ER, "Blizzard," December 8 1994: "Blizzard" is actually one of two Christmas episodes of ER in its first season, the second being "The Gift." That having been said, "Blizzard" is by far the superior of the two episodes. Not long before Christmas, a blizzard has hit Chicago. For that reason it is an unusually slow shift at County General, so that the ER staff finds other ways to fill their time. Dr. Mark Greene (Anthony Edwards) and Dr. Susan Lewis (Sherry Stringfield) prank medical student John Carter (Noah Wylie) by putting a cast on his leg. Nurse Wendy Goldman (Vanessa Marquez) is roller blading around the hospital. Several members of the staff play a game of wheelchair soccer. Unfortunately all of this changes when there is a 30 car pile up on the Kennedy Expressway. While this might not sound very Christmasy, the episode features Nat King Cole's classic rendition of "The Christmas Song" and ends with an impromptu Christmas party in the ER after their work is done.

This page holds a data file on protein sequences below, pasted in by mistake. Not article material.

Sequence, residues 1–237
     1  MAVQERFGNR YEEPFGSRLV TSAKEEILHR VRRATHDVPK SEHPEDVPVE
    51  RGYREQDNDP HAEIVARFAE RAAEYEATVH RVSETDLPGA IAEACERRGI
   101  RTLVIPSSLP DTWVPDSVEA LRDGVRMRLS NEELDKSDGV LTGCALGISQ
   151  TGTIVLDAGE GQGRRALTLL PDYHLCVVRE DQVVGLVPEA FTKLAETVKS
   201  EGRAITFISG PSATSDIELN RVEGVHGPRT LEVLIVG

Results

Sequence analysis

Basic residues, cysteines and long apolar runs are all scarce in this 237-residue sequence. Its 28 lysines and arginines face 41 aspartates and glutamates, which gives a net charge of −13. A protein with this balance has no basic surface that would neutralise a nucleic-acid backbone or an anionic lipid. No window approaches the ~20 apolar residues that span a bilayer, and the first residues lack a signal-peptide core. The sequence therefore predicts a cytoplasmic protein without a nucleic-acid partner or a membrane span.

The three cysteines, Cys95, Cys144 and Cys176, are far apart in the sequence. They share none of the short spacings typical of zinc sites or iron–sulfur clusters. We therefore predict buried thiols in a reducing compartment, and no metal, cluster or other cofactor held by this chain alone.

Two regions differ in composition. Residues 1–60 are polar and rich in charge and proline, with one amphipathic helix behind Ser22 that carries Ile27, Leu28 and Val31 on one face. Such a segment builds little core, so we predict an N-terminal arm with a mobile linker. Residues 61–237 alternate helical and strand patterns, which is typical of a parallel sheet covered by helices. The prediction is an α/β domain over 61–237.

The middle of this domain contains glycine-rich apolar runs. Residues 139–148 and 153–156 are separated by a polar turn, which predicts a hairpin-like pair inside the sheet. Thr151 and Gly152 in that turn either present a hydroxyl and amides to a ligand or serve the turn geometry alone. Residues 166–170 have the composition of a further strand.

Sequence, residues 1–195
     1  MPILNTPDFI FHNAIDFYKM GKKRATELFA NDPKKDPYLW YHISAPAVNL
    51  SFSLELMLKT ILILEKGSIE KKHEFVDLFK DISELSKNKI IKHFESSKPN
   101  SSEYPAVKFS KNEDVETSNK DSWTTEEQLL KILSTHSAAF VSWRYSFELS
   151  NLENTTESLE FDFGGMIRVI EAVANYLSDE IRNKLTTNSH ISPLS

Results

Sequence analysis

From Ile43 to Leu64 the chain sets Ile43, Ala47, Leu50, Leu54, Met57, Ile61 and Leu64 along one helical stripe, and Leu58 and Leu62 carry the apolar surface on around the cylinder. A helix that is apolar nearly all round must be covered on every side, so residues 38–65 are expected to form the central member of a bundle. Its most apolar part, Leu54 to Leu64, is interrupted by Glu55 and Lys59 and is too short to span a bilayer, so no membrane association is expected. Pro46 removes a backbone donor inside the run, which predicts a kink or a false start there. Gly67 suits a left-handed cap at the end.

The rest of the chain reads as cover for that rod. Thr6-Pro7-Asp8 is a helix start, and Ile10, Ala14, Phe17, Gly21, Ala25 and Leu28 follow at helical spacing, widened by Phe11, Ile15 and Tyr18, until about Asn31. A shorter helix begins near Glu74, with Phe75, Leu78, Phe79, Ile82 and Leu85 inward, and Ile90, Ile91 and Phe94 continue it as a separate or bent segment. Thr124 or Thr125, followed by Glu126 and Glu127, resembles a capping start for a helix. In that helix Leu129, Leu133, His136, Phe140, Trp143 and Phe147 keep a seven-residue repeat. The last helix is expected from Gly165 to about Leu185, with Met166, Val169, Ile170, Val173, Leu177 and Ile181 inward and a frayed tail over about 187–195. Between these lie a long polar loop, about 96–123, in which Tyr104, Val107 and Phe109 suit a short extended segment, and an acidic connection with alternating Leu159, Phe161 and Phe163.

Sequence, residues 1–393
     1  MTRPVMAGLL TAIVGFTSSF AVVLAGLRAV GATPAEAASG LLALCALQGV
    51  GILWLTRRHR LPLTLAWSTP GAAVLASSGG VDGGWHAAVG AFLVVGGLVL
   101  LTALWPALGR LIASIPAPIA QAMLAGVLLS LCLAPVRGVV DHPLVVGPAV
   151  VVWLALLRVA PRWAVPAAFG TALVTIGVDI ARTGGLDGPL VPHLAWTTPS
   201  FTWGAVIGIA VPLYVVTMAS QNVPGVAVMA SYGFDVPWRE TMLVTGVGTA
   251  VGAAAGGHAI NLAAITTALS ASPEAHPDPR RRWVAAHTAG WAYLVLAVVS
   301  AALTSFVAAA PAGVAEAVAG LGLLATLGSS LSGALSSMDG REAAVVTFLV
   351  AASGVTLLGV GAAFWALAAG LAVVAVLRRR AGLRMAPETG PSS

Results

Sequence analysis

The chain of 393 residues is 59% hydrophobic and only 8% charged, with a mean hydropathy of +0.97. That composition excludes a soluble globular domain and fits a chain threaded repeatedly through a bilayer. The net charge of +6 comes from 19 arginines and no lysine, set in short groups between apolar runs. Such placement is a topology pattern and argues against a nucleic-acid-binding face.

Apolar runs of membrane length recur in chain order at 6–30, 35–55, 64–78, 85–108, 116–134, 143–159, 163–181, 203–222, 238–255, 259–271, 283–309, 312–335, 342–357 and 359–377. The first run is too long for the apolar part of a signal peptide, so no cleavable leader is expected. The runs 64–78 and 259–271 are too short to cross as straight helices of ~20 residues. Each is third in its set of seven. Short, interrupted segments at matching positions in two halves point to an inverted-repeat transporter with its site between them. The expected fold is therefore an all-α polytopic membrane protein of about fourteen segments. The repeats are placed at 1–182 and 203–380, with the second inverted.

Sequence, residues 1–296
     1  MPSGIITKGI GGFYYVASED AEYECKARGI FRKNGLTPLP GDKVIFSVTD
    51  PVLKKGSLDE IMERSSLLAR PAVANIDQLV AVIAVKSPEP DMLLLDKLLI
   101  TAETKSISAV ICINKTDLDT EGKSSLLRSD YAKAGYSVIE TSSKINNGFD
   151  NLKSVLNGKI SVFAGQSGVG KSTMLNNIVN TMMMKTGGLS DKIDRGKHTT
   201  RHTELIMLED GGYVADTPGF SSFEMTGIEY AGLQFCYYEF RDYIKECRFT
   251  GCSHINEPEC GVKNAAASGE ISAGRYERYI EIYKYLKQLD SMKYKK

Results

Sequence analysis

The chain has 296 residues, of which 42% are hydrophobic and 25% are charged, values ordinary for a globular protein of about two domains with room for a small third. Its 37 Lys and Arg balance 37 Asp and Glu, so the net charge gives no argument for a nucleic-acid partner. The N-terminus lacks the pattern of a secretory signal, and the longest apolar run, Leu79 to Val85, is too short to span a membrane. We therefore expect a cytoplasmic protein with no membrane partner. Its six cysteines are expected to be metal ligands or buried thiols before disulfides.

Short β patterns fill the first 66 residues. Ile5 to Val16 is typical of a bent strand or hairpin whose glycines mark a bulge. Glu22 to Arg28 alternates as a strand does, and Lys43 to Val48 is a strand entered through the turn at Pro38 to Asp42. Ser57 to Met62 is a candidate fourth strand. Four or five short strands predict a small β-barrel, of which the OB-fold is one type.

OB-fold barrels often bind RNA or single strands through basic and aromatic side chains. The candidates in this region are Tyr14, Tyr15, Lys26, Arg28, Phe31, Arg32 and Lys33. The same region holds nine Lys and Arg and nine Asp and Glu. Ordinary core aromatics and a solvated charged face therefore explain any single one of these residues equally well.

"Blizzard" is a remarkable episode and also a historic one for ER. It is the second episode in which the staff of County General must deal with the extremes of Chicago weather (the first being "Chicago Heat"). More importantly, it is the first of many episodes in which the staff must deal with mass casualties. Since then mass casualty events have become a bit of a cliché on medical dramas. What makes "Blizzard" superior to other "mass casualty" episodes is how well the episode flows. It changes tone several times, from the humour and Christmas spirit early in the episode to the drama and tension of dealing with a mass casualty event to the Christmas spirit at the end of the episode.